Martial artist Scott Adkins stars in "El Gringo" as a popular action staple, the lone man with a big bag o' money. Wandering into a small Mexican town, it's not long before an endless wave of cartoon bad guys puts a bounty on his head. He responds with fists and feet. And there's your movie!
Eduardo Rodriguez opts for spaghetti western themes and hoary character archetypes that simply reveal he's mistaken Robert Rodriguez for Sergio Leone. Freeze frames highlight colorful character names (El Jefe is one), though they don't really get much to do to emphasize their identities amidst the action. In the middle of this chaos, Adkins shares a wry smile -- he's handsome, but amused more than amusing, and it's a testament to his notable skill that you root for him to get this money out of there.
Christian Slater shows up late as a corrupt cop looking for the cash, but as the film limps towards ninety minutes, it's clear his "celebrity" was what they were chasing by hiring him for a large but inconsequential role. "El Gringo" gets bogged down in overly-plotty nonsense, but the fight choreography and shootouts are fast-paced and inventive, allowing the film to come alive in spite of its time-wasting peripherals. Surprisingly, it's the most lively and inventive of the After Dark Action films, though that merely highlights the weirdly downbeat and dour nature of each picture. [B-]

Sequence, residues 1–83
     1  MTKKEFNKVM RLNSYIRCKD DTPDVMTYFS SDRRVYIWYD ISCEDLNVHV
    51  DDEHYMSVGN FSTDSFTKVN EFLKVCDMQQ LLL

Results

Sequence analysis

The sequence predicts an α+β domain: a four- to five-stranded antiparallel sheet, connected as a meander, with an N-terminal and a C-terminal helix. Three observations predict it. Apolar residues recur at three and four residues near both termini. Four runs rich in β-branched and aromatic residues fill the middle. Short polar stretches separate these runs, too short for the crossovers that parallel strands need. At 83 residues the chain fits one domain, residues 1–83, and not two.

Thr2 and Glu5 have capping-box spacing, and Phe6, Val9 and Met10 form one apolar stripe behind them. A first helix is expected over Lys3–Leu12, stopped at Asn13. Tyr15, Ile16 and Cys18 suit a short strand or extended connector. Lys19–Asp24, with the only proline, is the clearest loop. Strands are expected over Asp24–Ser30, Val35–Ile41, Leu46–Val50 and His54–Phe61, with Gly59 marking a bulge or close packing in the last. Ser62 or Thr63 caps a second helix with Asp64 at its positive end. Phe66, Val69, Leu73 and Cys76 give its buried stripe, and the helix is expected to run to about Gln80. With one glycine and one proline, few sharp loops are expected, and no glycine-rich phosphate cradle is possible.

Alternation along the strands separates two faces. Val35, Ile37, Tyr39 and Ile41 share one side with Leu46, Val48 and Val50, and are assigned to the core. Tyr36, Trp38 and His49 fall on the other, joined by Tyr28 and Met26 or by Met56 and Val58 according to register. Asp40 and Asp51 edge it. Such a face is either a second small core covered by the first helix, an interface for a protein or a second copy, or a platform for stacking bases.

"The Philly Kid"
After an elaborate only-in-the-movies misunderstanding that leaves a police officer dead, young Dillon (Wes Chatham) takes a trip to the hoosegow. Emerging ten years later, he finds old pal Jake (Devon Sawa: he's looked better) in deep debt with some shady gamblers. Jake manages to introduce Dillon to the world of Mixed Martial Arts, and suddenly A Star Is Born. But Dillion's attempts to stay on the straight and narrow are compromised by the same hanger-ons you'll find in the darkness of any sport, and soon he's pulled in all directions by the needs, and soon the threats, of others.
Chatham is a fairly humorless, wooden lead, but he looks good in the ring, and the combat sequences are vivid and believable. Too bad about everything else: new mentor L.A. Jim (Neal McDonough) is a compendium of every tough manager in any sports movie you've ever seen, while outside threats like Arthur Letts (Michael Jai White, essentially a cameo) simply comprise a line of indistinguishable grunts. Moreover, poor Sawa looks like he's been through some pretty ugly real-life ordeals to get to where he's at, and seeing him playing a chatty, possibly-diseased ball of impulse vices feels like the film's only authentic element. "The Philly Kid" never gains traction as a film about anything other than what it's about -- you've seen it before you've seen it. [C-]